Christopher Langton, of the London-based International Institute for Strategic Studies, agrees that the decision by the UN Security Council this week to expand ISAF beyond Kabul Province could bolster enforcement of the new political parties law.

But Langton told RFE/RL that the chances for its successful enforcement vary in different parts of Afghanistan. He said the governor of the western province of Herat, Ismail Kahn, has said ISAF is not welcome in Herat. "So, if they're not welcome -- and, of course, [Ismail Khan] has a huge number of people under his command who are armed -- it's hard to see how ISAF can actually deploy there," he said. "Mazar-e Sharif is feasible, even though the situation between Mohammad Ata and Dostum is somewhat insecure. I think [ISAF] is welcomed in Kandahar, so [the ban against warlords in political parties] can be enforced -- but it's dangerous. In Herat, [Karzai] can't enforce it. And Mazar-e Sharif probably is the place where it most likely could succeed."

Langton said he remains skeptical about long-delayed programs aimed at disarming the militias of Afghanistan's regional warlords -- particularly if rival militias are not disarmed simultaneously. But he says the new law on political parties, combined with substantial ISAF deployments in the north, could lead to at least a token start on disarming the militias of Dostum or ethnic Tajik leaders like Defense Minister Mohammad Qasim Fahim and Commander Ata.

"It will have some impact, maybe at the lower end of the armament spectrum where it doesn't matter," Langton said. "People like Fahim and Mohammad Ata will not wish to be seen to be dragging their feet in front of the international community. Nor will Dostum. But at the same time, they are not going to disarm more than they need to."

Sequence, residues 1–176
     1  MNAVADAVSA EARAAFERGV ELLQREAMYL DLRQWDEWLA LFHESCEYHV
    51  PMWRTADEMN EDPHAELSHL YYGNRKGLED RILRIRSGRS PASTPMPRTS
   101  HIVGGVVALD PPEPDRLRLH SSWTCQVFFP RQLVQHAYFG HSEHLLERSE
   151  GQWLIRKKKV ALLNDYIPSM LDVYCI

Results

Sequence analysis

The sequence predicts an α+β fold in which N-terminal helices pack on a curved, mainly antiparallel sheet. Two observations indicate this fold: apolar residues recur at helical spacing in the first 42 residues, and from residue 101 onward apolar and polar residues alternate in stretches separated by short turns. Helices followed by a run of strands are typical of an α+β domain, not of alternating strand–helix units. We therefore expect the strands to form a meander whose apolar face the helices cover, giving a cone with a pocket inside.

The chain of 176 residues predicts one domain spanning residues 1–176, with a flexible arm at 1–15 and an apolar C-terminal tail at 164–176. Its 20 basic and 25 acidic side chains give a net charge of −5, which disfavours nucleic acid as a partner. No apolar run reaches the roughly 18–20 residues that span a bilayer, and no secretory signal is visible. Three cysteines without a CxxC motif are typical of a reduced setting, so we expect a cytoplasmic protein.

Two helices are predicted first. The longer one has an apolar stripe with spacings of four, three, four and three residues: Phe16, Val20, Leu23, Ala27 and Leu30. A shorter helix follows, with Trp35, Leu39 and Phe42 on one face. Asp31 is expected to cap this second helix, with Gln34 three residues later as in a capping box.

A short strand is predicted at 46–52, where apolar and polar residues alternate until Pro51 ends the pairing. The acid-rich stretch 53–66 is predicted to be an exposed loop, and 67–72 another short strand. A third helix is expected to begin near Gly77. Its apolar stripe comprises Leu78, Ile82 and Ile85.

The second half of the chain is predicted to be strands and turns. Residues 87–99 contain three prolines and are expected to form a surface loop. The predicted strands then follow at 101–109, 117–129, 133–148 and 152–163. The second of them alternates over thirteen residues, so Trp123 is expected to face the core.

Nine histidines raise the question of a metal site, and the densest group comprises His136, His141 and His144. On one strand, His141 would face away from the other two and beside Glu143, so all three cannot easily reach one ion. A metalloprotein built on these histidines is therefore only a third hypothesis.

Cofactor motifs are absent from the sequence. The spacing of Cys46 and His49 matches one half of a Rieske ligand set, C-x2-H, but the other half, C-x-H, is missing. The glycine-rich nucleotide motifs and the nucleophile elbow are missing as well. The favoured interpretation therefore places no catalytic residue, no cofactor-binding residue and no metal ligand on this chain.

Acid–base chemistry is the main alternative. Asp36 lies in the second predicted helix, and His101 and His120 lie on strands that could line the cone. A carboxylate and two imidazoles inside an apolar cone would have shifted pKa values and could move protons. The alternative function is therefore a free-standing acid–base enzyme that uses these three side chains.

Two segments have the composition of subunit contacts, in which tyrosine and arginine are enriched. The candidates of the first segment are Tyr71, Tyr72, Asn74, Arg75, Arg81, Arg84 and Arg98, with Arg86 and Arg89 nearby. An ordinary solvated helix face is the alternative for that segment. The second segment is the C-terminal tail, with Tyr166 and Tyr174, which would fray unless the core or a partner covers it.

Langton said some aspects of the Bonn process itself could unravel if Karzai fails to enforce the new political parties law. And certainly, he said, Karzai's credibility will suffer from failure. "It could add up to undermining the Bonn process at least partially. What [failure] really [would do] is undermine Karzai himself and reduce his credibility -- certainly amongst Afghans, and to some extent within the international community," Langton said.

In the final analysis, Langton said Karzai's political future in Afghanistan depends upon his ability to bring together the divided ethnic Pashtun clans in the south and east of Afghanistan -- especially as the country heads toward a Constitutional Loya Jirga, originally scheduled for this month but already pushed back to December.

"The real problem is that Karzai's power base was fairly small at first and is really no bigger, and is probably more delicate now than it has been for some time. So we're really on a knife's edge as we go towards a Loya Jirga -- whenever it may be. And it depends to some extent on whether Karzai can give unity of voice to the Pashtun majority in the country, because if he can't, then the Loya Jirga is going to be dominated by the Tajik factions. And if they get their way on all the various issues and the constitution, then it basically isolates the majority ethnic population in the country, which does not bode well for the electoral processes," Langton said.

Other Afghan experts agree that international donors will not be well disposed toward providing additional financial support for the reconstruction of Afghanistan if Karzai is seen to be failing.